The University of Southampton
Medicine

Research project: PROMs in Depression and Anxiety Disorders

Currently Active: 
Yes

A Cochrane systematic review of the use of patient reported outcome measures (PROMs) in the management of common mental health disorders Patient reported outcome measures (PROMs), of symptoms, social functioning, or quality of life, have been advocated as a simple, quick and inexpensive method of improving the care of common mental health disorders (CMHDs) including depression and anxiety disorders. However the potential for PROMs to improve the care and self-care of CMHDs cannot be assumed, and adopting a policy of using PROMs should be supported by evidence of clinical benefit and cost-effectiveness.

Project Overview

 

Aims of the Study

To assess the effects of routine measurement and feedback of the results of PROMs in the care of CMHDs, in (1) improving the management of CMHDs, and (2) improving the outcome of CMHDs.

Methods

Randomised controlled trials (RCTs) of PROMs in the care of CMHDs will be identified through searching the Cochrane Depression, Anxiety and Neurosis Group's (CCDANCTR) References and Studies Register, which includes OVID MEDLINE (1950-), EMBASE (1974-) and PsycINFO (1967-); and the Cochrane Central Register of Controlled Trials (CENTRAL). Complementary searches will be conducted through OVID PsycINFO, the Web of Science (WoS) Science Citation Index for cited references, the World Health Organization's International Clinical Trials Registry Platform, and through handsearching key journals, conference proceedings and other (non-Cochrane) systematic reviews and meta-analyses. We will also search the reference lists of retrieved studies, contact experts and trialists in the field for unpublished or ongoing studies, and search the grey literature. We will include cluster RCTs, and RCTs randomised at the level of individual patients. We will exclude non-randomised trials, uncontrolled before-and-after trials, and observational studies. Patients with any common mental health disorder will be included (including both those with formal diagnoses according to the criteria of the DSM or ICD, and those diagnosed through clinical assessment only), aged 18 and over, of both genders and all ethnic groups, in primary care, specialist psychiatric practice, and psychological therapy settings. We will exclude studies limited to child and adolescent populations, or people with learning disabilities. We will exclude trials which examine the effect of PROMs combined with more complex interventions such as case management or collaborative care. Primary outcomes will be symptoms of depression or anxiety, and adverse effects. Secondary outcomes will include changes in the process of care, social functioning, health-related quality of life, and costs.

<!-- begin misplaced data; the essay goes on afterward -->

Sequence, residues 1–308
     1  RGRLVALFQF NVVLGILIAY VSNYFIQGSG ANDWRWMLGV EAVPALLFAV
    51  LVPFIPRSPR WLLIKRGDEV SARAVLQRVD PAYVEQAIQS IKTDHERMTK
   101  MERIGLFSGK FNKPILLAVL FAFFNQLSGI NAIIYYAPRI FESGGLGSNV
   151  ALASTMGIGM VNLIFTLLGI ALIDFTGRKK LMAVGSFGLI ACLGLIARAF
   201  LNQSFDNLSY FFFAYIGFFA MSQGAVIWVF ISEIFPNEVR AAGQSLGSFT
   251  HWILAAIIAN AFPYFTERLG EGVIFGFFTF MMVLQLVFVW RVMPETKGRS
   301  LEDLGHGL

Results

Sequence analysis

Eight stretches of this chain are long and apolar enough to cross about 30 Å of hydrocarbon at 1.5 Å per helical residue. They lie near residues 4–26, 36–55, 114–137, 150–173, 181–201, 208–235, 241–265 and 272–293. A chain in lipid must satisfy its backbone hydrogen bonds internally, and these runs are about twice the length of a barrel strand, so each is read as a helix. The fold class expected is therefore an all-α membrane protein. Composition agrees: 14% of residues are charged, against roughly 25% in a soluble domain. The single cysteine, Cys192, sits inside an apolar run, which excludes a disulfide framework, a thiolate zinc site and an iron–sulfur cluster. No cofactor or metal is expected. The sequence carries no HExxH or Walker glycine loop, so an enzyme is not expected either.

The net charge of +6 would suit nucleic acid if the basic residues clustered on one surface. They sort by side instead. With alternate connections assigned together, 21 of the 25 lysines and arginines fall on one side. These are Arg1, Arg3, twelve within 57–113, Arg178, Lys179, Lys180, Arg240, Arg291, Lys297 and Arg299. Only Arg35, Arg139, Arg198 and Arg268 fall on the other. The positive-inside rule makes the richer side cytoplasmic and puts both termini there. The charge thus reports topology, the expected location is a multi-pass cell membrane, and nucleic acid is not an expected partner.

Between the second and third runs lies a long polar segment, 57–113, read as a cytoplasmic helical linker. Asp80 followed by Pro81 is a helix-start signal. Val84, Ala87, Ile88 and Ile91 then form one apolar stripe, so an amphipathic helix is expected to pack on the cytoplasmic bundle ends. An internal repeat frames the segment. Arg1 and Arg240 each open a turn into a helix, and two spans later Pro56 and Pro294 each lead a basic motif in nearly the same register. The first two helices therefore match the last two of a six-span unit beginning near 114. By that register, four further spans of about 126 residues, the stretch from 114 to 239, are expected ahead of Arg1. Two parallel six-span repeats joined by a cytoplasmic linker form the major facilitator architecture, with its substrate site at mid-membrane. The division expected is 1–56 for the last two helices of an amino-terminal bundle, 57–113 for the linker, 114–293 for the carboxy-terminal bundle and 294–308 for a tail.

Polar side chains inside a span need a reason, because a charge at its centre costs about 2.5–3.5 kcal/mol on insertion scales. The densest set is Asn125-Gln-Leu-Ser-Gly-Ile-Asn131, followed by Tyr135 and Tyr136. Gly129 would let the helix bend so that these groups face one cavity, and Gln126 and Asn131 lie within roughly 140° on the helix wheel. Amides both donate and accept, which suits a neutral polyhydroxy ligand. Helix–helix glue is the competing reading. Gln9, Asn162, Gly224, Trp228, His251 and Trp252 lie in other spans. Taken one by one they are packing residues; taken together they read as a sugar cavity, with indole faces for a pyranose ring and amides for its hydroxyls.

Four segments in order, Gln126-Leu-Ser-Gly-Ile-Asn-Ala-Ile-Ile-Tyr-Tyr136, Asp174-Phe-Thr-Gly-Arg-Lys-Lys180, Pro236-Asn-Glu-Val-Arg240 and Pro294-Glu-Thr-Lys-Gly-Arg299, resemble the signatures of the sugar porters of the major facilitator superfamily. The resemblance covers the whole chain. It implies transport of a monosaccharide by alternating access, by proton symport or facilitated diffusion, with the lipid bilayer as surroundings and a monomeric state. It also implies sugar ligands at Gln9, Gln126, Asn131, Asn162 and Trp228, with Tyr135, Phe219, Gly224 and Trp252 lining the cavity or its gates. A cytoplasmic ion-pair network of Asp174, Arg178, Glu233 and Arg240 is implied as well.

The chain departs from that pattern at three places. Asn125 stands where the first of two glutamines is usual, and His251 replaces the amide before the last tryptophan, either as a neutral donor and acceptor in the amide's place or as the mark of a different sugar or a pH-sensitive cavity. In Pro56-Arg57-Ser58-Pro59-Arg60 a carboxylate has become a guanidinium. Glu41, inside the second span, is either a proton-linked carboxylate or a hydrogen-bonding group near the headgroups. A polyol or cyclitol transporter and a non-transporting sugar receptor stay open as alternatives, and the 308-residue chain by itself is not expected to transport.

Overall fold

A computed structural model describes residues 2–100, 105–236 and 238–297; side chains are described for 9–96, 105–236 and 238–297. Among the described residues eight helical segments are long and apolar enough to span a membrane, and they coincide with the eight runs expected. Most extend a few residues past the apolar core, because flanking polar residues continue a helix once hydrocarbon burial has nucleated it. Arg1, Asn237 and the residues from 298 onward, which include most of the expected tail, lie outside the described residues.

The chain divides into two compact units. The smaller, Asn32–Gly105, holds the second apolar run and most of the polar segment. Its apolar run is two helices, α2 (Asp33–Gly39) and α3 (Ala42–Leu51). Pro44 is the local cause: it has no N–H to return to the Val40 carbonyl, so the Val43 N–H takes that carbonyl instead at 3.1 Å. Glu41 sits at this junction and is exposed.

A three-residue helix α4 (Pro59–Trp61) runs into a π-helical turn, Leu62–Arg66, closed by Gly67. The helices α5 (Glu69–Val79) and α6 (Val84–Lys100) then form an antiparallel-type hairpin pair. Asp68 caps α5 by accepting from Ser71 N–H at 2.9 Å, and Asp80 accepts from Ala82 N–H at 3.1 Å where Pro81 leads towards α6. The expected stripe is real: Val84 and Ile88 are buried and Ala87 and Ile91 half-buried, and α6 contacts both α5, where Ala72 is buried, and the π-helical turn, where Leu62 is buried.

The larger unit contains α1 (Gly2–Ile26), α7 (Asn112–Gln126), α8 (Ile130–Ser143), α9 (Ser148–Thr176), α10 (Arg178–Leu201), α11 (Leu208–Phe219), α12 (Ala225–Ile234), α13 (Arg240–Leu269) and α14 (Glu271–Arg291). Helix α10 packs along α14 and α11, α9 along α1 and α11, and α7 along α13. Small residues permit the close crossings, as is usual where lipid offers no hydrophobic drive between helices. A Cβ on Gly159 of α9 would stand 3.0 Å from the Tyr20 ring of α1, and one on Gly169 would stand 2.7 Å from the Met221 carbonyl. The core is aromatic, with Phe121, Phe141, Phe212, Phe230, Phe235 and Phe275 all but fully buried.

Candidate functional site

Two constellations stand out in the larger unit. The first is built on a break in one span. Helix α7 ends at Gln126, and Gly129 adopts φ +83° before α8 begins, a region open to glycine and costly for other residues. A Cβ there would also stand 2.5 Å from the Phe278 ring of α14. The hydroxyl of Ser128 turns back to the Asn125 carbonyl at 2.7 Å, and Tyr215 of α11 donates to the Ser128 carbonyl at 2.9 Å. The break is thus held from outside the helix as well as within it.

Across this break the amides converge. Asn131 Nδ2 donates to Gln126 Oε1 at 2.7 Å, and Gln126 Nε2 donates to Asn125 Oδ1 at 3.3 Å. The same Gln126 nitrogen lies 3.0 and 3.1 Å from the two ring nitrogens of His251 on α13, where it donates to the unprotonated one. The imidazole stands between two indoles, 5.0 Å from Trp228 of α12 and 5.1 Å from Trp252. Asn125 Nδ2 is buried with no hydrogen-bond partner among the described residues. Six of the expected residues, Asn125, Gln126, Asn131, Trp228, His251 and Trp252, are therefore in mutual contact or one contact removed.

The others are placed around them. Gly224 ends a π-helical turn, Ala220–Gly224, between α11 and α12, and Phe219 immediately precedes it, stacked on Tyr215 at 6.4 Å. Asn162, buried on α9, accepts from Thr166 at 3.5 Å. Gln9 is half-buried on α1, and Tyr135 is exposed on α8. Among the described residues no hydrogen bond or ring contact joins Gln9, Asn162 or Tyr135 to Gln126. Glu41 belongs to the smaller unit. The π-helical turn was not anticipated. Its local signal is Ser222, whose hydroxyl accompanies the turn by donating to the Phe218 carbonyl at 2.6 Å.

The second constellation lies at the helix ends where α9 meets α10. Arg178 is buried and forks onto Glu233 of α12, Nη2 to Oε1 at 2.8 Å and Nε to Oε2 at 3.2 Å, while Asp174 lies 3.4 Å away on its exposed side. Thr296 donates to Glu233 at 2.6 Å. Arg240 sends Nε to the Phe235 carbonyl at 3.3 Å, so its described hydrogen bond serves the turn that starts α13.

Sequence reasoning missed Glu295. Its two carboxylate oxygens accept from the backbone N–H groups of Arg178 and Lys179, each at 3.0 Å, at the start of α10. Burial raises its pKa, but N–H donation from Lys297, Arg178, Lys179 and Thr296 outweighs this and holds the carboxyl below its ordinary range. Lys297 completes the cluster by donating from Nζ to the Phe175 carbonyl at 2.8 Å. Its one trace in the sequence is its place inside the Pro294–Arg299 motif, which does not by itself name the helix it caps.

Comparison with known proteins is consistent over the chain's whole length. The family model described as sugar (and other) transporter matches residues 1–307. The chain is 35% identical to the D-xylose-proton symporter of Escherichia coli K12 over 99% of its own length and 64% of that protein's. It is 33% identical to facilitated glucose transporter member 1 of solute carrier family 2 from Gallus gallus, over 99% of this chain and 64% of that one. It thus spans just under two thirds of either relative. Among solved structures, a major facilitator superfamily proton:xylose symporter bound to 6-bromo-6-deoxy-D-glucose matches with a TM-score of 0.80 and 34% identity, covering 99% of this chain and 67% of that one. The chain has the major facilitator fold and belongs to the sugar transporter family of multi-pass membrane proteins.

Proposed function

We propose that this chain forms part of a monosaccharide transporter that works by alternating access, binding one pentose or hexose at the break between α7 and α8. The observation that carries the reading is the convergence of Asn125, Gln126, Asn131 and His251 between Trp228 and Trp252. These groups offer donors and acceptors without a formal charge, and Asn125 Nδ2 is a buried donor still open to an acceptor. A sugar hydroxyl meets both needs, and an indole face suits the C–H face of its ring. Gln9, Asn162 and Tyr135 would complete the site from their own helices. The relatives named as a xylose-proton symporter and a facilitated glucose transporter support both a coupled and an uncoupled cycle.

Implications

The results may indicate to clinicians and policymakers whether PROMs are effective or not in improving the care and outcomes of CMHDs, and indicate what further research is needed.

 

Chief Investigator: Professor Tony Kendrick

Duration: started 1.09.2013, end date 15.06.2015

Funder: University of Southampton, NIHR, School for Primary Care research

Contact for the study: ark1@soton.ac.uk

 

Related research groups

Primary Care & Population Sciences Academic Units

Staff

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